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Here is another nomination for the 1998 Newfoundland Nanny of the Year. This is an example of a Newf raised in a household without children who still demonstrates a very strong instinct to care for children. Codco is owned by Marty Southcott of North Bay, Ontario.

Codco has had a busy year. This summer he was awarded his final St. John Ambulance Therapy Dog certification and was assigned to Barkley House, a residence for seniors. We wanted him to continue his work with children so when I was offered a position as a performing arts instructor, I requested permission to bring Codco and once they had met him, he was welcomed as part of the team. This was an experimental program to introduce junior kindergarten through grade one to the performing arts. There were 150 children involved and the program ran for three months.

My original reason for bringing Codco was for his benefit, to continue his contact with children. However, by the end of the first two weeks the five team members I was working with all agreed that perhaps the most successful member of the team was Codco. He sat quietly with crying children and soon the tears were forgotten. We used him to teach the youngest children about taking turns and they quickly calmed down and happily stood in line to have a chance to talk to him, one on one.

It is the story of Curtis that I think you would be most interested in. Curtis was five years old in junior kindergarten and had no language; he was incapable of sitting still and crawled around on the floor, climbed on the tables and threw things at anyone who attempted to control him. In the first two sessions we had with his class he had to be physically removed from the room; he was literally carried screaming and kicking to the hall. By our third session we were at our wits end so I decided to try a new approach. Instead of trying to get him to participate , I asked if he would take care of Codco. He sat perfectly with Codco for the full 30 minutes of the session. The teacher noticed that on the days we were there he seemed calmer and actually would co-operate occasionally with the teacher’s aid.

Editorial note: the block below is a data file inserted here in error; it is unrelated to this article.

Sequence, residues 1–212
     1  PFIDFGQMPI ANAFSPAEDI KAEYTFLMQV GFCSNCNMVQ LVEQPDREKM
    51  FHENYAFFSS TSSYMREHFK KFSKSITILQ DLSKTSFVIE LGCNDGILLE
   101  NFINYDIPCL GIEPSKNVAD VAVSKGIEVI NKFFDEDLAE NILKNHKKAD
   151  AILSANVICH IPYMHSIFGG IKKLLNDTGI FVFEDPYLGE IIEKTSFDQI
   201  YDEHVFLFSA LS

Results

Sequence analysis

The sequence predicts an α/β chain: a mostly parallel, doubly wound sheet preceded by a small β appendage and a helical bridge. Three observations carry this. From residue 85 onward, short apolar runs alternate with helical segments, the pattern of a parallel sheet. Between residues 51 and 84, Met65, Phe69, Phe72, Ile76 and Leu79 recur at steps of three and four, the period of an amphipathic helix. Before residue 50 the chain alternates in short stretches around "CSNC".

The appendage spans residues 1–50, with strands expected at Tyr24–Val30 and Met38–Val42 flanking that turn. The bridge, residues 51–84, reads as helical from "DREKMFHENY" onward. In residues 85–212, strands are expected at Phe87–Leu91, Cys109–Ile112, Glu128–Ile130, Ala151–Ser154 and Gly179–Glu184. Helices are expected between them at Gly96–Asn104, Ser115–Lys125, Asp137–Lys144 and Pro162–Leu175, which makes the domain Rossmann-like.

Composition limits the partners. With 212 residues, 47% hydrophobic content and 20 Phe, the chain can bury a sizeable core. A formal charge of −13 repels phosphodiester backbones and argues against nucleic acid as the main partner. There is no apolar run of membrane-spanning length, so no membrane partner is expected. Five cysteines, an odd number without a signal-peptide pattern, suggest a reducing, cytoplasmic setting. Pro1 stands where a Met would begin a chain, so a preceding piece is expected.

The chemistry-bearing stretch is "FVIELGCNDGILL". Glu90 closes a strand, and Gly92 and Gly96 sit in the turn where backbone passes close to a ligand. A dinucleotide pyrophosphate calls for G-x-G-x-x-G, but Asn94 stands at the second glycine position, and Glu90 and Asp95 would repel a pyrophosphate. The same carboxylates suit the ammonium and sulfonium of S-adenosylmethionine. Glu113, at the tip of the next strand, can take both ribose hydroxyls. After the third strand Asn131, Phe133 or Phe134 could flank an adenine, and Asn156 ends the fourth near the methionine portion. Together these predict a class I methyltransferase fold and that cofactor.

Eventually this project had to be shared with an audience and I wondered how we would incorporate Curtis. Over the three months he had only participated in the project if Codco was with him… picture 150 pounds of black Newfie pretending to be a little blue pigeon! I suggested to Curtis that he could bring Codco on stage for the finale. Because he didn’t talk, I had no idea if he understood this concept.

The big day arrived. Codco was bathed and brushed within an inch of his life and all dressed up with a Santa hat and beautiful red bow. When his moment came I took him down the hall to meet Curtis. The junior kindergartens were all lined up ready to make their entrance but no Curtis. The teacher in charge said he had been taken away because he wouldn’t behave. I was terribly upset when, all of a sudden from down the hall came Curtis yelling at the top of his lungs “PUPPY, PUPPY”. It was the first word that he had spoken at school and this was the end of November. He and Codco led the class in and Curtis grinned from ear to ear as the whole audience stood up to applaud them.

Since that time Curtis has been diagnosed as autistic. With care and treatment he is now speaking at a two year old level. Codco still visits the school occasionally and when we go, Curtis is always waiting for us.

Peter Maniate has been writing columns for the Newf News, the magazine of the Newfoundland Dog Club of Canada, since 1979.  In 1996 he started writing a Newfoundland dog column in the Breedlines section of Dogs in Canada magazine on behalf of the Newfoundland Dog Club of Canada.  When Dogs in Canada ceased publication at the end of 2011 he continued the Breedlines column in the Newf Newfs.

Permission is granted for re-publication of the preceding article or excerpts from it as long as the author is credited and the name of the original publication and date of first publication is included.

Dogs in Canada

October 1999